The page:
Sometimes people don’t want to hear the truth because they don’t want their illusions destroyed. - Friedrich Nietzsche

In my own search for meaning, begun many years ago, there was a realization that I would have to get beyond the "historical perspective" if I were to get to the source of the social and political problems plaguing my world. After many years of activism and inquiry, the study of history seemed more like propaganda for a particular point of view then a legitimate method of examination. Everything within history is relative to other events similarly derived from propaganda. Objective judgment was not possible. It seemed as though everyone was "right'" from some point of view. Nature, itself, seemed violent. This led me to a very hopeless and lonely place. Fortunately, I did not stop at this juncture of my inquiry, although at the time it seemed like this was the end.

From this state of hopelessness there was a feeling of "letting go," initially experienced as despair. However, I was no longer judging, condemning or trying to figure things out from my old way of thinking. In fact it seemed as though the very way I was thinking was perpetuating the problems I was trying to understand. Slowly, I came out of my despair feeling certain “there must be a better way to understand the world.” No longer being invested in or defending an historical point of view allowed me to more deeply probe into the source of the cycle of violence, hatred and abuse of power, which has permeated our history from the beginning of time. I was trying to free my mind to be willing to see things as they are, not as I wanted them to be.

As long as I limited my examination of social and political issues to the historical perspective, I experienced conflict, controversy, frustration and confusion. These are key indicators one is dealing with effect not cause. The historical perspective assumes, a priori, that the origin of our social and political problems is found within the world's history. The historical perspective precludes causes not within its bounds: not material in nature. Accordingly, all explanations for various events in history must be consistent with these imposed limits. For instance, within the historical context one cannot even entertain the possibility of a cause preceding its historical or material origin.

The deeper I probed, the more I became convinced that history itself is an effect and not a cause. In other words the aspect of mind which experiences the world and within which the dialectic process takes place, is not looking at the world objectively: it interprets the world it perceives from a condition. Fear and anger permeates our history because the aspect of mind perceiving the world is itself in a state of fear. Our experience, throughout "history," of fear and the violence and anger which follow, are not the products of history, rather our "history" reflects the projections of an ontological fear in mind, caused by dissociation. Until this ontological fear in mind is identified and corrected or healed, the cycle of violence and attendant anger and abuse of power we experience, will never be resolved. Witness on an individual level, the battered child syndrome; or on a larger historical scale, the cycle of brutality and  oppression experienced as power shifts from one hegemonic group to another.  We will not find meaningful answers to the problems that have been with us throughout history, by questioning our thoughts' effects. "It is only when their source is raised to question that hope of freedom comes at last." * See note below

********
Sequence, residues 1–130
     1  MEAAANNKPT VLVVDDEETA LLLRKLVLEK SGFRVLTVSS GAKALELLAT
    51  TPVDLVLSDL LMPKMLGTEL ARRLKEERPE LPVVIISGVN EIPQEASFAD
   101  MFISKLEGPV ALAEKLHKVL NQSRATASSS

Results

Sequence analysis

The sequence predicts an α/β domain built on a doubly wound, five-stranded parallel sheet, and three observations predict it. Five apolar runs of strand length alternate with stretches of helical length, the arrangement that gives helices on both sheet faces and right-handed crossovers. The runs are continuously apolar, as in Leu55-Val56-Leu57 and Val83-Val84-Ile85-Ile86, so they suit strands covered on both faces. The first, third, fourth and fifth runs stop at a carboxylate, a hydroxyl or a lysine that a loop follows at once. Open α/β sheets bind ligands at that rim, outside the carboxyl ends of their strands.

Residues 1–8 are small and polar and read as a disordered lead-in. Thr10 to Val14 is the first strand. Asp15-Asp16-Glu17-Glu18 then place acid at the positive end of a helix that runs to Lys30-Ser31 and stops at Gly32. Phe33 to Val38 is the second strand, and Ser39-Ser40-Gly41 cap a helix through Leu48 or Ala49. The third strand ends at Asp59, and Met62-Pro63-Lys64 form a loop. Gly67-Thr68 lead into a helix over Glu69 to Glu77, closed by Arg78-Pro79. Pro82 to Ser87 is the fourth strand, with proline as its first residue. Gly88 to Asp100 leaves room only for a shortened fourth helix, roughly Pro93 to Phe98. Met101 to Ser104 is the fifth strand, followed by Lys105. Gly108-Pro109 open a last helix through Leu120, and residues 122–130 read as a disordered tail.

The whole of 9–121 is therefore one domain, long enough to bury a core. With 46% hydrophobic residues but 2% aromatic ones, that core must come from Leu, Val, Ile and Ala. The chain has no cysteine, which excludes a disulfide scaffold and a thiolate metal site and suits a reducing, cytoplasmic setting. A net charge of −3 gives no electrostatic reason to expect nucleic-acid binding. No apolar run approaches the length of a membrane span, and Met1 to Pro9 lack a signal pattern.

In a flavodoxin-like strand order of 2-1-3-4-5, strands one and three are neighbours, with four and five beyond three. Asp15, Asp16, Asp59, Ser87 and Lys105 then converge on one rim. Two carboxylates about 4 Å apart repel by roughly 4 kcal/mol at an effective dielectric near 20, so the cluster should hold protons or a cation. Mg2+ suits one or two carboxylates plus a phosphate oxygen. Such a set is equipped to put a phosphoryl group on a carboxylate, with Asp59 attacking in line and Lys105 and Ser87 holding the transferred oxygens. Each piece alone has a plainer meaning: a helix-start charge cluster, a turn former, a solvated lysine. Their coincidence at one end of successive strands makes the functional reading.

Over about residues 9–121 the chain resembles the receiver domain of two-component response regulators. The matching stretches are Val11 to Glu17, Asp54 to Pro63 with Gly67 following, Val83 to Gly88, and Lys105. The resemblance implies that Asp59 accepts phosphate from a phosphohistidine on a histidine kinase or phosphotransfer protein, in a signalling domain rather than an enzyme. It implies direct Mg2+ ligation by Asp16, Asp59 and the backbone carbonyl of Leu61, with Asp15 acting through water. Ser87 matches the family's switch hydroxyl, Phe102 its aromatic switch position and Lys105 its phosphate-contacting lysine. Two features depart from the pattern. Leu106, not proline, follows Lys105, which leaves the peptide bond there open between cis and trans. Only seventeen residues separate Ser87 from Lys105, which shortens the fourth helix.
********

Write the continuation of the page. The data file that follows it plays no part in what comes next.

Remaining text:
The ideas revealed to Einstein and other prominent physicists of the early 20th century could not have been realized from the Newtonian world view. The ideas were always true, however, it was only when these physicists went outside the bounds of the Newtonian perspective that they could be experienced. Similarly the only reason we do not experience the dissociated aspect of mind as the source of fear is because it lies outside the bounds of the material/historical perspective we are using to examine the world. By framing my inquiry from this broader, non-material perspective which includes the material/historical experience, but does not preclude the non-material, I was able to experience the dissociated mind as the source of the fear. This fear was then projected onto the “world,” displacing the real cause from the dissociated mind to the material (historical) illusory world, an error which must be corrected if peace is to be experienced. When looked at from this new perspective, the social and political issues I must deal with are seen very differently. A major implication of this way of seeing is the realization that the fear and anger I am experiencing emanate from the ontological fear in my mind and not the situation that seemed to produce them. When I actually look from this perspective I do not see evil people, I see fearful people who may need to be restrained but not evil people to be destroyed. Another important implication is the realization that I am responsible for the world I experience, and my response/reaction is determined by the perspective I choose to interpret it from. I now feel a sense of mastery over these issues; an indicator one is dealing with cause not effect.

*A Course in Miracles provides a comprehensive program that gives both a theoretical understanding of the dissociated mind and workbook lessons to facilitate the necessary healing.